When Michigan doctors saw a large mass on the face of a fetus late in pregnancy, they feared it might block the baby’s airway at birth. The doctors didn’t know what the abnormality was, or if the infant would need lifesaving care in order to breathe. Use of 3D printing technology removed the guesswork, the team reported in the Oct. 5 online edition of the journal Pediatrics. It’s the first time 3D printing technology has been used in utero “to diagnose facial deformity and severity of airway risk with a newborn,” said Dr. Albert Woo, a pediatric plastic surgeon at St. Louis Children’s Hospital.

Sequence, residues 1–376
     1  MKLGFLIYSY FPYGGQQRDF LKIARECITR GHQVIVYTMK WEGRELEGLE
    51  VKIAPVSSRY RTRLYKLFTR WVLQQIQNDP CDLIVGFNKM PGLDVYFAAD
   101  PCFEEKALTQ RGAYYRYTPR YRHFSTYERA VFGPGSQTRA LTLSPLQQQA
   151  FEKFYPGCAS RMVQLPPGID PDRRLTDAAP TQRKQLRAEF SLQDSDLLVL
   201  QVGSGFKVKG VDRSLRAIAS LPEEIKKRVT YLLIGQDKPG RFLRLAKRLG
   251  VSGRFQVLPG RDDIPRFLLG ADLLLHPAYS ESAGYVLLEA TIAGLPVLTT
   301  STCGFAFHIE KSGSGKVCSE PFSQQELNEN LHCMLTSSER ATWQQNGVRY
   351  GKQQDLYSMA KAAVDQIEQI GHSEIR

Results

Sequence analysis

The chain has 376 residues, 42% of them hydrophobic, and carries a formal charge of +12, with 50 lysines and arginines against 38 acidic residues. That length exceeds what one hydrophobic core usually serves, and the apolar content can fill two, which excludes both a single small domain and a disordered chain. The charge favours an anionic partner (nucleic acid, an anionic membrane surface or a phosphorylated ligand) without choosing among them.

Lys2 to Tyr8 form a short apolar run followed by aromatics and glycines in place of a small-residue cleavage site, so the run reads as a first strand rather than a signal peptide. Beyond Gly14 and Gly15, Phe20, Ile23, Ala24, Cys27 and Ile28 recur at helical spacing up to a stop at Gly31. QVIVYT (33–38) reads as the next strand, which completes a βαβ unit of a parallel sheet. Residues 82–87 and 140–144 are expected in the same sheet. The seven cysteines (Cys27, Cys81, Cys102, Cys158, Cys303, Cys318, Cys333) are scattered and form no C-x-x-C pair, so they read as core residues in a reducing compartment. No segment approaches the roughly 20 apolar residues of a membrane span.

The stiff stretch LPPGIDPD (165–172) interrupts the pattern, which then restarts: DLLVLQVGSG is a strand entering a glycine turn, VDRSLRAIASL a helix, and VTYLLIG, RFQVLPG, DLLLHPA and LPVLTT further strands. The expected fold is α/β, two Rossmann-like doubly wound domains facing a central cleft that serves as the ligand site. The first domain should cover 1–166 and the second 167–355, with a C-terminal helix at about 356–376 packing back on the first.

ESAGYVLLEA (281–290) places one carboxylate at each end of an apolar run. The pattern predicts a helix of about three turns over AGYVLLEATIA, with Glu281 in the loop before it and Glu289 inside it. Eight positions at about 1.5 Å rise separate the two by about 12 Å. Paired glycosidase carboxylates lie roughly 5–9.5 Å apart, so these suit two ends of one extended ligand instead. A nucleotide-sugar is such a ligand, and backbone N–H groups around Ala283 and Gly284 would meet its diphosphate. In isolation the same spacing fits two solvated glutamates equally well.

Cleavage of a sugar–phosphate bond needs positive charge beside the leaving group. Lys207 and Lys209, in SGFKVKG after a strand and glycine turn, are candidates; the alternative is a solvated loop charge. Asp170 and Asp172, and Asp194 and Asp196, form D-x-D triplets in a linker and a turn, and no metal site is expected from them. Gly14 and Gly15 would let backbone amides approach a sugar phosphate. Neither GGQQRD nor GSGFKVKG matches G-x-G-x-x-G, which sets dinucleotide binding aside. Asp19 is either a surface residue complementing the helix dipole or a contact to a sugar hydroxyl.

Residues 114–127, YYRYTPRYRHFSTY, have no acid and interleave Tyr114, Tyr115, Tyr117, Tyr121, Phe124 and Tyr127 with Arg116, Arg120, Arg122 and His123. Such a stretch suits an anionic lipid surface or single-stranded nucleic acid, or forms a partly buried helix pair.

It’s already nearly the Fourth of July, but there’s still a lot of summer left, which means there’s plenty of time to kick back and immerse yourself in a good book. But rather than passing […]
Bloomberg – The hip bone’s connected to the thigh bone, and they’ll both be made by 3D printers. […]
Sports medicine has come so, so far in the last generation, and the industry is poised to take off even further with the popularity of smartphones. With wearable fitness trackers, biologic implants and even a […]